What Russia's soldiers suffered
Fresh research shapes a fascinating yet also devastating portrait of Russian infantrymen in World War II.
In recent years, the "Greatest Generation" has been celebrated in books, film, and television documentary. American veterans of World War II, their numbers dwindling, make pilgrimages to the beaches they stormed, the cemeteries where they left friends, the sites of horror and glory.
Historians have had much to work with. Official documents and photos, letters and diaries, interviews with those who were young men at Normandy or Anzio or Guadalcanal.
Not so with the war in Europe's eastern front.
Josef Stalin and his successors made sure the story of Soviet history in the war was crafted and protected in a way that served their political purposes. Great monuments were built, but documents were sealed. Pensioned soldiers and their families were honored as "heroes," but they were kept from telling of experiences that might have deviated from the official line - especially anything traumatic. Historians, Russian and foreign, were prevented from working independently.
With the collapse of the Soviet Union that's changing, and Catherine Merridale's Ivan's War: Life and Death in the Red Army, 1939-1945 is an example of the extraordinary scholarship that has begun to result from this new openness. More than that, it's a powerful, intimate, and sometimes heartbreaking portrait of the archetypal Russian infantryman who suffered greatly, often at the hands of his own countrymen.
In researching this thoroughly footnoted, and highly readable book, Ms. Merridale (professor of contemporary history at Queen Mary, University of London) traveled to many of the major battle sites, including Kerch, Kiev, Kursk, and Sevastopol. She gained access to military and secret police archives. And she interviewed more than 200 veterans, many of whom shared their private letters and diaries.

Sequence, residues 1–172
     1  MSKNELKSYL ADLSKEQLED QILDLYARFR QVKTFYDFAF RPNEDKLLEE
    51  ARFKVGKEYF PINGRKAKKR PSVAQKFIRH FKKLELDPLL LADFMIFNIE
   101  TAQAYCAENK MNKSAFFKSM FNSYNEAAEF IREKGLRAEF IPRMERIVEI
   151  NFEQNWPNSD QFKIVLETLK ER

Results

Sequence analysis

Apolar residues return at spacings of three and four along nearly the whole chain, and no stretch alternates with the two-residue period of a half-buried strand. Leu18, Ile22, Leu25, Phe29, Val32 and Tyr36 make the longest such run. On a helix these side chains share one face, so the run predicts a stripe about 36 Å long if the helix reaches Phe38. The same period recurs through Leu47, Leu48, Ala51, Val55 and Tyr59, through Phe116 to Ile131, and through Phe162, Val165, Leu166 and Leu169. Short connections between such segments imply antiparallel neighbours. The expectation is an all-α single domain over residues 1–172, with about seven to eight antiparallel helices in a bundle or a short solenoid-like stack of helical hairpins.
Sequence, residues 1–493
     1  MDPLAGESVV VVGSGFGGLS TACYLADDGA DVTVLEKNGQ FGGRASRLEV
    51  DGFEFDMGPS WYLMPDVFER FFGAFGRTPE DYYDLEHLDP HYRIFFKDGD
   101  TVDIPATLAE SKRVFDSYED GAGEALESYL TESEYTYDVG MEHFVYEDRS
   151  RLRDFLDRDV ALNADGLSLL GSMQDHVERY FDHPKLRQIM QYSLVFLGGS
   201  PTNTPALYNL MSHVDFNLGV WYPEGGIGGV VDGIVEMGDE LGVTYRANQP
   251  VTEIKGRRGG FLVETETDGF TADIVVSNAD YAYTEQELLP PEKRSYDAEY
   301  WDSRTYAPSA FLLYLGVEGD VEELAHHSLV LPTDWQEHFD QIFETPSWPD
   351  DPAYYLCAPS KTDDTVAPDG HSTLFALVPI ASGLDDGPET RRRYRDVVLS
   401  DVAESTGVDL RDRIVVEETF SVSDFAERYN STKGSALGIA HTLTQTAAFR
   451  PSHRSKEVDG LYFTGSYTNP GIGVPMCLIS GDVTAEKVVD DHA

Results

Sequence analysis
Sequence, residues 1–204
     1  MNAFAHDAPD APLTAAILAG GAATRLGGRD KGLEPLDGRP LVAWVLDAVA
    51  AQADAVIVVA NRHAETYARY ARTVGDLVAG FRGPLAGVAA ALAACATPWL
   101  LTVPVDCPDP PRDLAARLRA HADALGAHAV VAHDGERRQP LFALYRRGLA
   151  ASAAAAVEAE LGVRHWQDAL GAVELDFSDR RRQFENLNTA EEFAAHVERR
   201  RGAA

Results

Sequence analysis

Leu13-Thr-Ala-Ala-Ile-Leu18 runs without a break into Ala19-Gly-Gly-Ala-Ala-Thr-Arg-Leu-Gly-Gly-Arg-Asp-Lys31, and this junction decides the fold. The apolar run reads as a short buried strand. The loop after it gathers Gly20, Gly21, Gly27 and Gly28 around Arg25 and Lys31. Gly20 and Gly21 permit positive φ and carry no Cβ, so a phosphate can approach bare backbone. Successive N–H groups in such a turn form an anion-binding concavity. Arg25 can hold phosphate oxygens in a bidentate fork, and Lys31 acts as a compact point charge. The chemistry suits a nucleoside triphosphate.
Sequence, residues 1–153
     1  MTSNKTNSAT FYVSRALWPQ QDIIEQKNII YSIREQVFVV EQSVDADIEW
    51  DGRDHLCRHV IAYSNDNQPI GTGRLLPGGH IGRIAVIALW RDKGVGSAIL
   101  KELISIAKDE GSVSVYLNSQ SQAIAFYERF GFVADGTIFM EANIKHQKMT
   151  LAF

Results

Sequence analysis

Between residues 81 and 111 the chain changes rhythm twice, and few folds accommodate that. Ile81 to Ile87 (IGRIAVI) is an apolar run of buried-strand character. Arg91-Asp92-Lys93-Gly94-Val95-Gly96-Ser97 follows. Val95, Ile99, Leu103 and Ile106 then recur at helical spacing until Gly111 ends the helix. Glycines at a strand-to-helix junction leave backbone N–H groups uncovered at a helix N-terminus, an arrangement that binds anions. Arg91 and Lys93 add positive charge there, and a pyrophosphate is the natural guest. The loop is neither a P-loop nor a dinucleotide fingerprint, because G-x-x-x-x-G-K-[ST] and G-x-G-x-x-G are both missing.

The numbers of those who fought the German Wehrmacht and were lost are staggering: Between 1939 and 1945 more than 30 million men and women were mobilized into the armed forces, more than 8 million of whom died from starvation, disease, and the violence of combat. Twice as many civilians as soldiers died, and 25 million were left homeless.
The early years of the war were the worst. By early 1942, 2.7 million had been killed in action and nearly 3 million captured. The Red Army had to be virtually rebuilt twice during the war.
Some three-quarters of all infantrymen had been peasants - a group not the most enthusiastic about communism, especially forced collectivization. Lectures by political commissars were as much a part of training as rifle drills. But at the front, writes Merridale, "lofty ideas of brotherhood and utopia seldom survived for long."
As they approached the battlegrounds, Soviet soldiers faced a well-trained and well-equipped German army. But behind them were secret service troops ready to kill anybody who deserted or fell behind. Thousands died that way, and many more were assigned to "punishment battalions" - forced at gunpoint to be the first to face the enemy.
Once the war's tide had turned and Soviet troops pushed west to Berlin, rage - and what was perceived as a kind of brutal justice - followed.
"Revenge was justified, revenge was almost holy," writes Merridale. "Towns were burned, officials murdered, and columns of refugees strafed and shelled. But of the violent crimes, rape was the most prevalent."
Atrocities seem to mark all wars, all armies. But this was different, Merridale finds: "The violence was on a scale that no one could have overlooked, and yet it disappeared from Soviet consciousness."
In retrospect, the immediate postwar period helps explain the Soviet control by threat and propaganda that followed for another generation. Soldiers in the occupying force were quickly ordered home lest they become too interested in capitalism and democracy. Ethnic minorities were shipped off to forced labor camps. Independence movements in some parts of the USSR were put down.
To the extent that it was recognized 60 years ago in the Soviet Union, the emotional and psychological impact of combat - today it's called "Post-Traumatic Stress Disorder" - was barely treated. Even more than the official secrecy that had prevailed for so long, that may have been the hardest thing to break through. Which makes "Ivan's War" all the more remarkable.
The only thing lacking in an otherwise outstanding book are maps. These would have greatly helped in understanding the relationship of the Soviet republics, the movement of the armies, and the location of some of the most horrendous battles ever fought.
â€¢ Brad Knickerbocker is a Monitor staff writer.